Transcript of Interview with Jerry Suran, Jan 26, 2005

Interviewer: Jack Ward, Curator – TransistorMuseum.com

Copyright © 2005 by Jack Ward. All Rights Reserved.

 

 

1) When you started with GE E-Lab in 1952, was the unijunction transistor applications work your first assignment?

 

No. When I joined GE in 1952, our particular group under Dick Shea, was working under a tri-service contract, sponsored jointly by the Air Force, the Army Signal Corps and the Navy.  The basic purpose of that contract was, amazingly, to advance the state of the art of transistors. Obviously, the military was quite interested in this new device, and they understood from the start that the transistor was going to revolutionize at least military electronics.  They wanted to push as quickly as possible the practical applications.  We had a very general contract. 

 

 

At that time the field had pretty well switched from point contact to junction transistors and GE was at the forefront, and maybe a close second to Bell Telephone Laboratories in the development of junction devices.  Part of my job was to understand the performance and characteristics, if not the physics, of transistors.  As a matter of fact, the first article I wrote when I was at GE Electronics Laboratories was received in 1953 by the Journal of Applied Physics. It was entitled “The Effect of a Transverse Electric Field on Carrier Diffusion in the Base Region of a Transistor”.

 

 

As a result of this theoretical work on field effects in the base region of transistors, I became interested in the possibility of building a transistor tetrode - taking a cue from simulating the vacuum tube tetrodes, and wondering what would happen if one were to apply a field across the base. The thing that crossed my mind at that time was that maybe we could reduce surface recombination and increase the gain of a transistor. And, if it were at all possible to get the field to act transversely, we could even increase the diffusion speed across the base and improve the gain-bandwidth product by that dual effect. 

 

 

 

 

 

2) At the time you were doing this work, you were using junction transistors? 

 

 

We were using junction transistors, and at that time, all of the work was in germanium.  These (devices) were being built in John Saby’s  laboratory in the Electronics Laboratory.  That group was just upstairs in the same building. We were the circuits group, under Shea, and Arnie Lesk was in that group, reporting to John Saby.   He was the one I was working with and I asked him if he could maybe build some tetrodes for us to experiment with.  Just try to put two ohmic contacts across the base of a transistor, and try to build the transistor just the way he would normally build a triode.  We were just curious to see how these things would work. 

 

 

I believe that this particular experiment was run about a year after I cam to the Electronics Laboratory, so it was probably about the middle of 1953, or maybe a little bit later in that year. What happened was that the first couple of tetrodes that we got we could notice very little effect of the electric field.  Our theory just wasn’t born out., that this fourth electrode was going to do anything at all.  On the other hand, one of those tetrodes curiously had a hysteresis effect on the input, and when we put an oscilloscope on it we found that the thing was oscillating.  There was no effect of input voltage or current on the output, so it became apparent quickly that something had happened to the collector contact and that this one had a broken lead. Remember these germanium transistors in those days, the experimental ones that we were building in the laboratory, were put in a little vial, a tiny test tube filled with silicone oil to stabilize the surface.  Then it was sealed with a wax seal on the input where the wires came into the transistor.  The wax seal was just to stabilize the wires.   So, we were experimenting with devices that were built that way, and I guess a collector lead had broken off, and in a place we couldn’t see it.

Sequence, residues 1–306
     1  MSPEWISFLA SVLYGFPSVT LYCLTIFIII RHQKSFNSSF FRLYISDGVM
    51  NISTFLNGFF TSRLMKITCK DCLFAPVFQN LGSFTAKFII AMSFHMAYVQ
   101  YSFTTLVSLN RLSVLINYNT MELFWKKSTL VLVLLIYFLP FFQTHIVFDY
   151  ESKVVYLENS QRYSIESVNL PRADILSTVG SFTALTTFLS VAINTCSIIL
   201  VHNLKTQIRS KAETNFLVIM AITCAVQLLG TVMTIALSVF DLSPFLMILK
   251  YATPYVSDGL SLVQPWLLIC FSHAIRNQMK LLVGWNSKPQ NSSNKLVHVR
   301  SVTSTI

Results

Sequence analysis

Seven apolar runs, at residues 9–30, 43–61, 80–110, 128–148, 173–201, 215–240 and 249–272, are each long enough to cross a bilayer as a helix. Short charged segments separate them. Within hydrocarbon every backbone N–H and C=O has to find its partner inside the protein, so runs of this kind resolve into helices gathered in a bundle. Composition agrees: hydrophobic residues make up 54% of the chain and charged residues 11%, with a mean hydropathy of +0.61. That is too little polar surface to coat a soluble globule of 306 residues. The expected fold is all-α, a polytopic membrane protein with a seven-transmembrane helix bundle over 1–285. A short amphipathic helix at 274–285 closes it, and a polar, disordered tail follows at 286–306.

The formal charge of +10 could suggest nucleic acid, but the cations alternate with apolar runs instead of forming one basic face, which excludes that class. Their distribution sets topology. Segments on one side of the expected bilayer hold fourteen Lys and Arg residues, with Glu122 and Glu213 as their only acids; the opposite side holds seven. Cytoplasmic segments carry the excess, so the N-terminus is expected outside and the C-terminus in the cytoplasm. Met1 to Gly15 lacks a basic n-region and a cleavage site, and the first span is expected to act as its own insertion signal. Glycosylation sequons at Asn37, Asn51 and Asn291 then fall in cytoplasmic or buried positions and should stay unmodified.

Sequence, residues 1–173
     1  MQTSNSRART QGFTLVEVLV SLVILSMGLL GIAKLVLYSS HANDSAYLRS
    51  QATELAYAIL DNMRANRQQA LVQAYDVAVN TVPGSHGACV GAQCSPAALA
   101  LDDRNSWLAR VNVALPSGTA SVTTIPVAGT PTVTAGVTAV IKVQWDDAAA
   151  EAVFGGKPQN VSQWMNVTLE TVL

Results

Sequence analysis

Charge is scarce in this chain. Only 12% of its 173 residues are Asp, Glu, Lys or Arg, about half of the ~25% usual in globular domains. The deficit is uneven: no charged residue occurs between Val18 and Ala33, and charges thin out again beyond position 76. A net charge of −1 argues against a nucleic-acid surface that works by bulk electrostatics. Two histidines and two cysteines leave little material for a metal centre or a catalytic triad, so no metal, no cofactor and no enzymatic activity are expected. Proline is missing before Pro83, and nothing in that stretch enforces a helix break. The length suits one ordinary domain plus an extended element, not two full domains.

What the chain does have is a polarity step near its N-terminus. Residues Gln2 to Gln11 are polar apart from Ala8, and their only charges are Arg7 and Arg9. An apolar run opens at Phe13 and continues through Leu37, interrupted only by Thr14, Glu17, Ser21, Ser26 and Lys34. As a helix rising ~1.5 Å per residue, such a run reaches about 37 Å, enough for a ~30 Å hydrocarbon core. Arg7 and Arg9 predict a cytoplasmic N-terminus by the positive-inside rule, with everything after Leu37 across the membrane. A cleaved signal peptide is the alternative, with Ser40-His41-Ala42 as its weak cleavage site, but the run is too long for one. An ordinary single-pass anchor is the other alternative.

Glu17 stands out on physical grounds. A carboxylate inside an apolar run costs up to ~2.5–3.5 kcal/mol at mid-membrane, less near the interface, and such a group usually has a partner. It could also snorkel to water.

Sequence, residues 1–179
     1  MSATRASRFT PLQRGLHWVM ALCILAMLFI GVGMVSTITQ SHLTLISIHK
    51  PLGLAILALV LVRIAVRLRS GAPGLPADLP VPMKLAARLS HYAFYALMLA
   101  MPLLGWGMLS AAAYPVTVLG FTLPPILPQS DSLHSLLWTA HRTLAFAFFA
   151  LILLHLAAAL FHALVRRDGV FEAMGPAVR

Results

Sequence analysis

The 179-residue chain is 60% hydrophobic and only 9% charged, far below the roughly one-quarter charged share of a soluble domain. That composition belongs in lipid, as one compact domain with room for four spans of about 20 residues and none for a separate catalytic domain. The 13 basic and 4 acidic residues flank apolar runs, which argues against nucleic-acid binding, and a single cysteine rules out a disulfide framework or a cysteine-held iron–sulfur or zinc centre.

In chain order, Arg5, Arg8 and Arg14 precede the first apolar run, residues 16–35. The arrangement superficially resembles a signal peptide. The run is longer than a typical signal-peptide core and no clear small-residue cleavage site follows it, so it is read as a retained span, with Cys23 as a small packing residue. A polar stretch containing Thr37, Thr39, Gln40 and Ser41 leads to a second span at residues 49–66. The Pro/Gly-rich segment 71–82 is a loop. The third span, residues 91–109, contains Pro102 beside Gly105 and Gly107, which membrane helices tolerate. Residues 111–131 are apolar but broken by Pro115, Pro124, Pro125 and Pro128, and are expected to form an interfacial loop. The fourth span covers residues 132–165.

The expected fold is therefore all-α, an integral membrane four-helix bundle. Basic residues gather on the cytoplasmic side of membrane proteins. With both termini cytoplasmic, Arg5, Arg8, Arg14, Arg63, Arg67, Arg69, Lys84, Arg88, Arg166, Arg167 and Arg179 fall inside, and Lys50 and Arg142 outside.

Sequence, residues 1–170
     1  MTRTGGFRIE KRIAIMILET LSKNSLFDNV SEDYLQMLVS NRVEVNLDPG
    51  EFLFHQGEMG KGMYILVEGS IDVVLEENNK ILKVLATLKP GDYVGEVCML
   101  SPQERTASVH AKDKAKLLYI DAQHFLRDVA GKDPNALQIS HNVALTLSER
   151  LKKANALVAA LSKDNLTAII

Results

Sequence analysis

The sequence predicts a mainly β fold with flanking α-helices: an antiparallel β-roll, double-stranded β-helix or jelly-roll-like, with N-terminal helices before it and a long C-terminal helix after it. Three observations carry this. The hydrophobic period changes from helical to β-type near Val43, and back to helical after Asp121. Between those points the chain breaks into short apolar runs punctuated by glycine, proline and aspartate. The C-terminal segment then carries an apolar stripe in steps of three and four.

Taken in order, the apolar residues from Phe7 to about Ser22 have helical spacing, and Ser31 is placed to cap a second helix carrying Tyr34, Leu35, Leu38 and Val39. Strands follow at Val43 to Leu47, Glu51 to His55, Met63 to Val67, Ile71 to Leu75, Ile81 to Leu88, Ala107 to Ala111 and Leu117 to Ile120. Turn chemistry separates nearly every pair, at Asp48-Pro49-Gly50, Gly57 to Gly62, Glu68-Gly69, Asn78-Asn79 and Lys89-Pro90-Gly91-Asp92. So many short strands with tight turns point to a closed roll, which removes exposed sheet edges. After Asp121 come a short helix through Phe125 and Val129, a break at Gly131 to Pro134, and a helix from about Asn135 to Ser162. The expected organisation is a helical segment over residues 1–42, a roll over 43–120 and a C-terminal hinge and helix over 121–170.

3) So, at this point, with the collector lead broken, then the two remaining ohmic contacts, along with the remaining emitter lead start to look like a unijunction transistor.  Is that right?

 

That’s how we got the name, “double base diode”.  When you measure the dc characteristics of the input, when you tie the two bases together, it was just like a diode, but when you put a field across the two base contacts, this thing oscillated, and it was oscillating with the parasitic capacitance of our instrumentation on the input side. 

 

 

So, we were quickly then able to determine that we had a device that was very different from what we expected, and it was a serendipity effect because the collector contact had opened up quite unexpectedly – as far as I can recall, that was how the unijunction transistor was discovered.  

 

 

After that, with the flexibility we had with the tri-service contract, we simply pursued this (technology).  We decided that this was an interesting device and we began to explore it and we began to have Saby’s group (my contact there was Arnie Lesk) to build these things purposefully.  And I began to write papers on the so-called “double base diode”.